If it wasn’t already obvious until 2015, scientists have finally reached the conclusion that there is no male or female specific brain.
A team of researchers from the Tel Aviv University, led by psychobiologist Daphna Joel have demonstrated that both male and female brains are an ‘unpredictable mishmash’ of features considered to be either femalelike or malelike. More than that, their findings show that there are more differences within the brains of the same sex than there are between the two sexes.
The study, published in the National Academy of Sciences’ journal Proceedings on November 30, argues that even in those regions of the brain previously considered to be different according to gender, consistency is more rare than variability.
Scientists claim their study demonstrates that even if there might be gender/sex differences in the structure of our brains, they do not follow a gender binary. Basically, there is no gender-specific brain.
It seems that even when looking only at those small groups of brain features showing the biggest sex/gender differences, each brain proves to be unique.
This is the first research to study sex differences in the whole brain. The researchers argue that if brains would be indeed sexually dimorphic, the brains of males and females should show obvious differences.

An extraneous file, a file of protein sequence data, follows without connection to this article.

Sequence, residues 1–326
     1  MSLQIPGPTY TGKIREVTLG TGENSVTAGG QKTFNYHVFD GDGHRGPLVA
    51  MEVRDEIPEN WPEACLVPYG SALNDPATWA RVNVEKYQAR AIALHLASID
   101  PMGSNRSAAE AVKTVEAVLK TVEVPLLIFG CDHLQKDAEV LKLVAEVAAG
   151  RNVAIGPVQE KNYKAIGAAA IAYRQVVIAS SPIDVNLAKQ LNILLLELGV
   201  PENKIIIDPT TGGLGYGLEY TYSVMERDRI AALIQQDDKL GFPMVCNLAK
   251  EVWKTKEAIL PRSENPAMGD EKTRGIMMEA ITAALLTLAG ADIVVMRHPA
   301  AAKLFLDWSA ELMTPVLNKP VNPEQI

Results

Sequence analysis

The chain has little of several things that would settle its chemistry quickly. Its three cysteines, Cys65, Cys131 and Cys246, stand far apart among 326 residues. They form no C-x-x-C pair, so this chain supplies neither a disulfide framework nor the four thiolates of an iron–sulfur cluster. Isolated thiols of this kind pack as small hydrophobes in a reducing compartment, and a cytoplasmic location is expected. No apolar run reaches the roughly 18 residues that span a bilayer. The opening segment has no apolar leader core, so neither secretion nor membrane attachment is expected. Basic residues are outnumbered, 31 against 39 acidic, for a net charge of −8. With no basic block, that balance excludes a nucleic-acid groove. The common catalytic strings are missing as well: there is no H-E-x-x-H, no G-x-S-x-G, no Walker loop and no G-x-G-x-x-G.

The researchers have analyzed about 1,400 MRI (magnetic resonance images) scans from previous studies of female and male brains, looking for those parts of the brains that have shown the greatest differences.
They found that only 6 percent of the studied brains were consistent as either female or male. At the same time, a similar analysis on the brains of more than 600 young persons, 18 to 26 years old, showed a consistency of only 2.4 percent and a variability of more than 52 percent.
Neuroscientist and author Lise Eliot says that anyone aware of the current data on sex differences among the brain of males and females know that there is no gender specific brain, just like there is no gender specific heart.
More factors can influence the development of our brains than our sex does. Prenatal and early-life stress, as well as environmental influences have a much larger influence on the way in which a brain develops than the sex of the individual.
All of these factors explain why the stereotypes on which society builds its expectations from individuals according to their gender, usually fail.
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